I was in Birmingham City Centre today. Last night (August 8th 2011), 800 rioters rampaged through these streets. They out-numbered the police 2 to 1 and mostly raided shops. It was fairly obvious, from looking at the damage, that these were people after all they could steal. This wasn't a political protest, though the recession and the decisions of politicians could well be underlying causes.
Strolling through, Birmingham felt relaxed. There were police everywhere you looked; as well as hordes of workers, boarding up smashed windows and sweeping the streets. That is the story of the city at the moment - police and those securing the properties. By relaxed, I meant that no-one was rioting and there was not an air of tension.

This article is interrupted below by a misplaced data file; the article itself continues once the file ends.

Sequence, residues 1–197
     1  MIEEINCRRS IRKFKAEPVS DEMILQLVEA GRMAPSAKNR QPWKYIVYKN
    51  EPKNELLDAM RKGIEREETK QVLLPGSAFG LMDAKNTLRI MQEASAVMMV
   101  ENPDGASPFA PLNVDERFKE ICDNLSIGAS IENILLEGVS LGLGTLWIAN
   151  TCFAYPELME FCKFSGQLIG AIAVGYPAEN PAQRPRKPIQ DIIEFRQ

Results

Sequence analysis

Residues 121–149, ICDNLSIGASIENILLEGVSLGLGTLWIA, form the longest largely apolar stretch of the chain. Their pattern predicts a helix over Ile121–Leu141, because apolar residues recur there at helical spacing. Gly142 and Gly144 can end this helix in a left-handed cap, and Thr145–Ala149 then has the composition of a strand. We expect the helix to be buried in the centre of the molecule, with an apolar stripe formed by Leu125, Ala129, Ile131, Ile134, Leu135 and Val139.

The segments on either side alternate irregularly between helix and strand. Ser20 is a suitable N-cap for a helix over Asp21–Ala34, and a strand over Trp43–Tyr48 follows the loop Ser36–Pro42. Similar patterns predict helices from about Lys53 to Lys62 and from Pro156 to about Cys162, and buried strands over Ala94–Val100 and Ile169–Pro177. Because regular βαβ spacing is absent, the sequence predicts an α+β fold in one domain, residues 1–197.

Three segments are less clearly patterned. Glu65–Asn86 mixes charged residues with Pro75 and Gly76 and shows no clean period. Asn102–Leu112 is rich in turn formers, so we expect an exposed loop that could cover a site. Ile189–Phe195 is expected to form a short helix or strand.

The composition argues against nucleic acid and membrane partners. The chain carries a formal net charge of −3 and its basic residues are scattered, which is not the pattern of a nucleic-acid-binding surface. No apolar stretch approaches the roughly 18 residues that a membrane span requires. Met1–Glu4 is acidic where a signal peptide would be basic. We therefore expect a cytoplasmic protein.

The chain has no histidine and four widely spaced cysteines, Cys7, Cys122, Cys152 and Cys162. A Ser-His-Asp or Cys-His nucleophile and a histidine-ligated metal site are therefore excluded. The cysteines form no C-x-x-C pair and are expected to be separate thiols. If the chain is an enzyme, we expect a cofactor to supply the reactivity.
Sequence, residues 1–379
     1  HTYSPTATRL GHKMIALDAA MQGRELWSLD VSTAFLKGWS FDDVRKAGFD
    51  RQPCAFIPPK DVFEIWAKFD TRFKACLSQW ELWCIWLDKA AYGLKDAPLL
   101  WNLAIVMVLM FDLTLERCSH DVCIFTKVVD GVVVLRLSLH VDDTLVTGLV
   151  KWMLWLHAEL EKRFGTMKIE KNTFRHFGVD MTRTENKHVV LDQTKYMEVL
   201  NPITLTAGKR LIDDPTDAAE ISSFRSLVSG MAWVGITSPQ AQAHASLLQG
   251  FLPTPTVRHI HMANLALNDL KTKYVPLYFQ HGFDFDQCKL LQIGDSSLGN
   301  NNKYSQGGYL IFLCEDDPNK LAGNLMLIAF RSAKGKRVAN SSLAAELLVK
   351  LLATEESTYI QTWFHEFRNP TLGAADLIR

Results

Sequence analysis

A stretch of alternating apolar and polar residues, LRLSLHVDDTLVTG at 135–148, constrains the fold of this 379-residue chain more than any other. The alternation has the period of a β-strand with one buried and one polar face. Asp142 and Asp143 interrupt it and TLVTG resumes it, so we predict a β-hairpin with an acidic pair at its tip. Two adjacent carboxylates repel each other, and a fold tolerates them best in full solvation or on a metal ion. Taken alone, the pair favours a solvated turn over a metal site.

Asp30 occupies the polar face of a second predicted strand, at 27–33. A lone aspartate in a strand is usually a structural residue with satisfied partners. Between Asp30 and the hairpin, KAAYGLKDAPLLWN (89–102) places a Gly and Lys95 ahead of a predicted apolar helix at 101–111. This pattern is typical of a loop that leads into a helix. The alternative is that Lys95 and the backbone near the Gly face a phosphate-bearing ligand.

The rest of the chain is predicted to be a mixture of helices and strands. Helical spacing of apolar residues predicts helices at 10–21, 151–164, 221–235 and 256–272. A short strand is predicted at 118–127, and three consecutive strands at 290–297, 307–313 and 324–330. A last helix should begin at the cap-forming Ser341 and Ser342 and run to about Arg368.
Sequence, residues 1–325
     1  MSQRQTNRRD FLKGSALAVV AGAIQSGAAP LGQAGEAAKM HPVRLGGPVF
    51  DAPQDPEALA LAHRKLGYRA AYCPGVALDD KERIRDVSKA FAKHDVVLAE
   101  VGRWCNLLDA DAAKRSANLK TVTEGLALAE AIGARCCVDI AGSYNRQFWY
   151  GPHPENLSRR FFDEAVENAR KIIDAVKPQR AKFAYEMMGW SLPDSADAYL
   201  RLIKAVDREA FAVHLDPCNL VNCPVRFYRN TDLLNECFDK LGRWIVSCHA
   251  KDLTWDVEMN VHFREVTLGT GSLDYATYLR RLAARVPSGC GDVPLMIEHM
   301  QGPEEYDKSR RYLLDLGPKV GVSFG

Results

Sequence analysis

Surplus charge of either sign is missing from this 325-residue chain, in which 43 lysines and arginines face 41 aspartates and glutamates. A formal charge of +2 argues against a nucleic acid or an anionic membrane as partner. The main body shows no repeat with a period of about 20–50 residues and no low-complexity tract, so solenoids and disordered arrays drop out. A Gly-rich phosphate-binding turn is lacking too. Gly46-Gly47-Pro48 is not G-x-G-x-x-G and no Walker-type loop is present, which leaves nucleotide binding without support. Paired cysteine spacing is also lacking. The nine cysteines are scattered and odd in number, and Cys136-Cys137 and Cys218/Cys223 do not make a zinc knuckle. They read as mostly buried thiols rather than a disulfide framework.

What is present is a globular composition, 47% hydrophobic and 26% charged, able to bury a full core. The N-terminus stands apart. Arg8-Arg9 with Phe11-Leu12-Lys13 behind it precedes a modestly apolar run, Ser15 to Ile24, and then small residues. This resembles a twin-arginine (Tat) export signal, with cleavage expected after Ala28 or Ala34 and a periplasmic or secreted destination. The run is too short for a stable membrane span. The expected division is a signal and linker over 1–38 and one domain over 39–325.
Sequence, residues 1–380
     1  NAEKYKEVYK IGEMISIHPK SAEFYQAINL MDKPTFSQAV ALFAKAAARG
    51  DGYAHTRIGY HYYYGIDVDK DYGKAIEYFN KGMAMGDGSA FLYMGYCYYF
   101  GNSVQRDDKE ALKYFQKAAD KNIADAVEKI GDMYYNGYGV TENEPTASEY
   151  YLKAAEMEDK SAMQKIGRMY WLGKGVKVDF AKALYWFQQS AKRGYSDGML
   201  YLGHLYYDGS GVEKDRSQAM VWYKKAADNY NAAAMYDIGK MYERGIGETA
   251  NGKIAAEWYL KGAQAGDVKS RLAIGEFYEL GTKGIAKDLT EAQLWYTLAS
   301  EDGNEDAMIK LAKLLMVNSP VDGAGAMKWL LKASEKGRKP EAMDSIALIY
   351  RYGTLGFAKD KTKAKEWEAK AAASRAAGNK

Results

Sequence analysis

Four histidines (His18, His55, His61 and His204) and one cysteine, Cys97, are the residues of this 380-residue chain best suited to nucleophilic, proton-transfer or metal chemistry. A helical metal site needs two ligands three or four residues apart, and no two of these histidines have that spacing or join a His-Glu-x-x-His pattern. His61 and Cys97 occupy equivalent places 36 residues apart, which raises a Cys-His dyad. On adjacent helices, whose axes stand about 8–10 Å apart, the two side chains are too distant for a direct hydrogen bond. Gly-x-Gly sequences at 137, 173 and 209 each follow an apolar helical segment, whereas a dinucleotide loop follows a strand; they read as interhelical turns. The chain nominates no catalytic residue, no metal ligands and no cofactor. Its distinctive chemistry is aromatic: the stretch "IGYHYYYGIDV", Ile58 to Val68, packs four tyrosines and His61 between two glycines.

As for the people, the majority were incredulous, staring, taking pictures, shaking their heads and telling anyone who'd listen that this isn't right. One thing that struck me was the dissociation between ordinary Brummie and those who had rioted. "Why would they do this?" "What were they after?" "It looks like they were after 'phones and clothes." Nowhere was it 'us'. No-one was owning the rioters. They were other, distinct, not people from Birmingham.
The destruction had been more apparent, earlier in the day, but council workers, staff from businesses and a broom wielding army of people from Twitter's @RiotCleanUp had already been in. They had done the city proud.
Here are some pictures of Birmingham City Centre, all taken during the afternoon of August 9th 2011, in the aftermath of the riot.
(With much thanks to Miyamashi, for helping me whittle down these from 177 images.)